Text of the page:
The second adventure in the action-packed Dakota series.
The Board of Directors of Grayson Electric have been kidnapped in Lake Tahoe. The families receive a ransom demand of three million dollars in bearer bonds…and a warning: if the police are brought in, the hostages will be killed. Dakota is hired to deliver the ransom, but while the bonds are being prepared, he enlists two Shoshone blood brothers to help him track down the kidnappers and mount a daring, perhaps even suicidal, rescue in a race against time. It’s a deadly gamble, and even if Dakota succeeds, the odds are that people will die.
The third book in the hard-charging Dakota series. Dakota is pitted against a deadly assassin who worships, lives and kills based on the teachings of an ancient Egyptian cat goddess.
The first novel in the acclaimed Dakota series. Dakota is a half Piegan, half Shoshoni Native American who served as a Marine in Vietnam and afterwards became a cop in New York City. Now he's moved back to the Sierras to work his family’s ranch, ride the rodeo circuit, and take on cases as a private detective.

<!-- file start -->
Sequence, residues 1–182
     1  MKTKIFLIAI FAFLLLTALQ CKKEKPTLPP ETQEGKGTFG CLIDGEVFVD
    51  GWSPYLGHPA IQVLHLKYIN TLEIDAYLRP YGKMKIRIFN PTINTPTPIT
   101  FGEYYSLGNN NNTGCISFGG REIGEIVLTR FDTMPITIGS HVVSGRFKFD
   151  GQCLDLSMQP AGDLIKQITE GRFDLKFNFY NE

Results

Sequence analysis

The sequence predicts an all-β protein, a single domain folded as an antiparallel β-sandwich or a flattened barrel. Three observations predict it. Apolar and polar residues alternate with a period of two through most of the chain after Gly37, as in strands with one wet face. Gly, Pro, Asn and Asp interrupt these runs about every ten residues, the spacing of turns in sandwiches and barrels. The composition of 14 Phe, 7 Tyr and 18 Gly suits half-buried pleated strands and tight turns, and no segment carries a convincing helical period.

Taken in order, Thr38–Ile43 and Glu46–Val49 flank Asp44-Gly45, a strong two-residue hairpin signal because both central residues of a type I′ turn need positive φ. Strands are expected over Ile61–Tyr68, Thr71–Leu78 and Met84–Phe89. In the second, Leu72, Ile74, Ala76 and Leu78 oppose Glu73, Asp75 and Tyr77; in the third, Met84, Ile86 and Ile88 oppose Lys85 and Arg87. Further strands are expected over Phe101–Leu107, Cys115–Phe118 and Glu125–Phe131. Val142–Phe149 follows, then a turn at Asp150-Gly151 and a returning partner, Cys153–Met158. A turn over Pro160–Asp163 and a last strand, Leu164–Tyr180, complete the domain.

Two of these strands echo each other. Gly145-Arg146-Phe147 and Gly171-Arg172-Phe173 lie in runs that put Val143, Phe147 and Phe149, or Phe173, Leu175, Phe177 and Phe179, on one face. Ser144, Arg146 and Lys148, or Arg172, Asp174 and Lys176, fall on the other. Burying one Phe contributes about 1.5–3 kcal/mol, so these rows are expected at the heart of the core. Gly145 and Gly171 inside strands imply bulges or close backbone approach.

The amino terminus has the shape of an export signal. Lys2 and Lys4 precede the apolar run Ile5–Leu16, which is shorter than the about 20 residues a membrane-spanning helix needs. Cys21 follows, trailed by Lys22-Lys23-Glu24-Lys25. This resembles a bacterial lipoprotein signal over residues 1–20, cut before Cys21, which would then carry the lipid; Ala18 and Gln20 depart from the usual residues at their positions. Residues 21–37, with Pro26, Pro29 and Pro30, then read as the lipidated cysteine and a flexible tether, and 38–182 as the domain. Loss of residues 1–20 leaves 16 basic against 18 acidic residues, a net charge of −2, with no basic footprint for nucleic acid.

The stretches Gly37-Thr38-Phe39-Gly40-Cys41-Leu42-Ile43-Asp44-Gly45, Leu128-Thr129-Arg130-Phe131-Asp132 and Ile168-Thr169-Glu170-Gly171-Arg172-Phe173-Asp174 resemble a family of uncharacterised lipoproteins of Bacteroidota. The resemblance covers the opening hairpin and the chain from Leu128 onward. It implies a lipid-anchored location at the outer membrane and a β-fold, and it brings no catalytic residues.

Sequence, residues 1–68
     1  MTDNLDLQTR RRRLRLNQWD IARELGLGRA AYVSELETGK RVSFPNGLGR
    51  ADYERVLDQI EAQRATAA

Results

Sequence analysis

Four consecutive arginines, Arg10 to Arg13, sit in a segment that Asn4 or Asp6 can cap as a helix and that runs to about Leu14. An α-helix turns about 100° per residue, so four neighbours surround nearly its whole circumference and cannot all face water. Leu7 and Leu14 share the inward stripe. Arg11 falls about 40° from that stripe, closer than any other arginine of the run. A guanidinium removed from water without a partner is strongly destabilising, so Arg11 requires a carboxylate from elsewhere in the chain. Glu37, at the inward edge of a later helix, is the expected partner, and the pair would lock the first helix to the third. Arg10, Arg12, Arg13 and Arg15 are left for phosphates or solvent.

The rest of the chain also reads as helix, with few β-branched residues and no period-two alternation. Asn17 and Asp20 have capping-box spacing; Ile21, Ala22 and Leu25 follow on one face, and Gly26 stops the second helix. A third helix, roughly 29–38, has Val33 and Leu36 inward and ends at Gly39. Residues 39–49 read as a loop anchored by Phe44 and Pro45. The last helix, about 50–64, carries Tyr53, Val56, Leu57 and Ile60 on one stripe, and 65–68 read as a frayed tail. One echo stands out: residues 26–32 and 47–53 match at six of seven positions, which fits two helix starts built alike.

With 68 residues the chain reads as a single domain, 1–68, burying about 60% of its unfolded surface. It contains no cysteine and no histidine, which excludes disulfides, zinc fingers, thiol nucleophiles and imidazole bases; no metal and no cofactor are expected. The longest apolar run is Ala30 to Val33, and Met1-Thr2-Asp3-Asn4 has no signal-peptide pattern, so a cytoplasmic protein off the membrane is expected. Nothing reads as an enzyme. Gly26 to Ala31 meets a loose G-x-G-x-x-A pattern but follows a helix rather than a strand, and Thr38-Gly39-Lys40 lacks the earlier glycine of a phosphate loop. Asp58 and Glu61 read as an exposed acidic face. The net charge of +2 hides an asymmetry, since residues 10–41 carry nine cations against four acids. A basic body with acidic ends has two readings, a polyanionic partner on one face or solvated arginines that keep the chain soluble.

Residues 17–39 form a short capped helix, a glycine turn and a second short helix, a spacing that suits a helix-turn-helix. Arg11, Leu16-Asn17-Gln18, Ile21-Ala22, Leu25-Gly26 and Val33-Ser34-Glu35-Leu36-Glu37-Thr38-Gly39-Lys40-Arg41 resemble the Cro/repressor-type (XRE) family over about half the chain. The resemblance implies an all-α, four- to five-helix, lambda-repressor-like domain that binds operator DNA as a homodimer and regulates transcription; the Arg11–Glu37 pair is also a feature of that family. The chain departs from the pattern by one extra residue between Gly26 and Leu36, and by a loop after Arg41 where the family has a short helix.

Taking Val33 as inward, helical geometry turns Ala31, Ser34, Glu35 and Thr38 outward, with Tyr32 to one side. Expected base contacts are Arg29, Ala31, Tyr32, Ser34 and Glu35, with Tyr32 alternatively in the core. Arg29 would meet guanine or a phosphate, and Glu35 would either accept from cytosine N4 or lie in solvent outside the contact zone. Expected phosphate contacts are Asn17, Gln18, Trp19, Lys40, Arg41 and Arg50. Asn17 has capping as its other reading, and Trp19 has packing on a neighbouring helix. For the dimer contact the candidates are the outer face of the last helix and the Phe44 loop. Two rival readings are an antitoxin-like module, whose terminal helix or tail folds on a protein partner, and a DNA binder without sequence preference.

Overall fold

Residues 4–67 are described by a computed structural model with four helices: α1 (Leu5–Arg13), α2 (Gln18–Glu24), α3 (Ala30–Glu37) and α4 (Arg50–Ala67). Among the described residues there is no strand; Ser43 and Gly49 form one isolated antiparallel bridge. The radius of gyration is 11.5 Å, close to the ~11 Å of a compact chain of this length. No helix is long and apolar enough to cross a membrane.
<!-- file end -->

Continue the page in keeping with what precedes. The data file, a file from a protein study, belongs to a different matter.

The second adventure in the action-packed Dakota series. The Board of Directors of Grayson Electric have been kidnapped in Lake Tahoe. Dakota is hired to deliver the ransom...and mount a suicidal rescue.
After the high-impact finale, Ralston doesn't just throw the sheets on the corpses. He lets us stick around while the story is ironed out and Dakota himself explains his actions to law-enforcement. It's a unique angle that few authors rarely conceive and deliver. What happens when the smoke clears and the hero has killed the bad guys? It's not as black and white as the end credits make it seem. Ralston understands that and I applaud him for giving us a little more.
Dakota’s taken a course in bad-assery between volumes, doling out glib retorts and kicking ass when needed. [But] Dakota is unusual among men’s adventure protagonists in that he’s always checking up on injured friends, visiting their wives, and also going to visit his mother and father frequently. I can’t think of anything else like it in the genre. And when it’s good, it’s good